My third (technically 4th) in the series of mini cooking and today I’ll be talking about vintage toy stoves for kids. Definitely not safe for operation by children, but that’s why you can totally use them for real mini cooking today.
These are a bit larger than the current mini cooking fad, but because of that they allow for more versatility in cookware. More on that later.
By bigger, I mean these make portions about right for an 18″ doll.
Also check out:
- Working Miniature Kitchens (1:12 and 1:6 scale and the mini cooking hysteria in general)
- Alternative Mini Cooking Options (candy, clay, foam and powder based ways to make mini foods)
There are many electric or light bulb based toy ovens such as Easy Bake Oven and it’s predecessors. I have left these off the below list as this is more geared toward those of you who want to be able to make mini cooking videos.
The below can be found all over ebay or Etsy and their prices fluctuate greatly. I have not included links as by the time you clicked through most listings would have ended. Simply search the bolded titles, or check out the search results listed below. As these are vintage make sure to read product descriptions to learn whether they’re working or not.
To know which ones are the ones you’re looking for in the 2 search result lists here – glance at the pictures to see if an electric cord is attached to the stove.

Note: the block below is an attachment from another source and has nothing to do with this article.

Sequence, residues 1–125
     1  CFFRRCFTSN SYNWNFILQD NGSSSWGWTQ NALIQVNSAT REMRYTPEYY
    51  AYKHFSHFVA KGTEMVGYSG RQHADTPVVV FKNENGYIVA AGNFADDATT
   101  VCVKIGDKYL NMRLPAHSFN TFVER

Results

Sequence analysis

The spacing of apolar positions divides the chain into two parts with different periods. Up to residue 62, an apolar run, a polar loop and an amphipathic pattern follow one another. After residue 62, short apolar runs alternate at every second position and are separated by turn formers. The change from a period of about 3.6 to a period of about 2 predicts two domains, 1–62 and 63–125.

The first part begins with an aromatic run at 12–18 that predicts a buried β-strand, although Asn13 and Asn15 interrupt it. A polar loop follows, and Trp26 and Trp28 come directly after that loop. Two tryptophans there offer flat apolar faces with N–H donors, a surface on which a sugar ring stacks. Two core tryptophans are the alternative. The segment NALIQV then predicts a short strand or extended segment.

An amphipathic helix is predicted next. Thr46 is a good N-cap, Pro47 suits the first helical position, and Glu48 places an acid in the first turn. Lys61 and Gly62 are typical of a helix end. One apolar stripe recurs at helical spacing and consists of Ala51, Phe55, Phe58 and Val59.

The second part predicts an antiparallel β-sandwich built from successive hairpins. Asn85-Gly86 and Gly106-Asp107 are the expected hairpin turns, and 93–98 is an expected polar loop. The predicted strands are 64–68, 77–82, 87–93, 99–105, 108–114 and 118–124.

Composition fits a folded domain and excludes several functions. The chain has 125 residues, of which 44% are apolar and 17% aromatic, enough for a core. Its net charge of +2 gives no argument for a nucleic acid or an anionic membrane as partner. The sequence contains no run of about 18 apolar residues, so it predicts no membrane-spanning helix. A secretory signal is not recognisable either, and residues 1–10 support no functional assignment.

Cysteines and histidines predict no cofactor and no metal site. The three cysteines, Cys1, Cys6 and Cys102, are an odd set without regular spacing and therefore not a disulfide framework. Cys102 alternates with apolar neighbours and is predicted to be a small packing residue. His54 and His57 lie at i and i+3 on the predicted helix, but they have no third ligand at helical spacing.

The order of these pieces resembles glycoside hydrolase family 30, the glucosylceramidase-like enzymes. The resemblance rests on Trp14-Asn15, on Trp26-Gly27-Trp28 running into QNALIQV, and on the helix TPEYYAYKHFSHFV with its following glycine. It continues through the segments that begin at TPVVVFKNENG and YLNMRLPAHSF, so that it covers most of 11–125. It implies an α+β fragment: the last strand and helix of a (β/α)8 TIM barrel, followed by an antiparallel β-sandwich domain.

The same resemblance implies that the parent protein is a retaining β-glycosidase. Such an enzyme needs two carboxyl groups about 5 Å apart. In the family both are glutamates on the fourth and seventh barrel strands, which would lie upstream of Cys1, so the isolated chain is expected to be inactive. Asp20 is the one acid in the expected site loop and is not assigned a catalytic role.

1960s Kenner’s Big Burger Grill
1930s Little Lady Kingston Products Model #514 Kids Oven
Suzy Homemaker Super Grill
1916 Electric Kids Toy Oven – Hughes Electric Heating Company
1970s Japanese Toy Stove
1950’s Little Lady Kids Toy Stove – Oven
Little Chef 1940’s Vintage Kids Toy Oven
1950s Little Chef by Tacoma
Other readily available brands:
- 1960s Frankonia Aromatic Range
- 1930/40s Empire Metal Electric Toy Stove
- 1950s MFZ Tin Toy Stove (German)
- 1960s Wagner Play Stove (German)
Need more accessories for your oven? Since these are scaled for little ones, you can buy any real metal kid cookware you find in store to go along with them. Like this one from Melissa and Doug. Click on the image to go to the purchase page.
Also, there are apparently vintage toy washing machines that really work. I don’t see that concept going viral any time soon, but let me know if you ‘d like to learn more about it or any other mini musing.
Categories: New Photography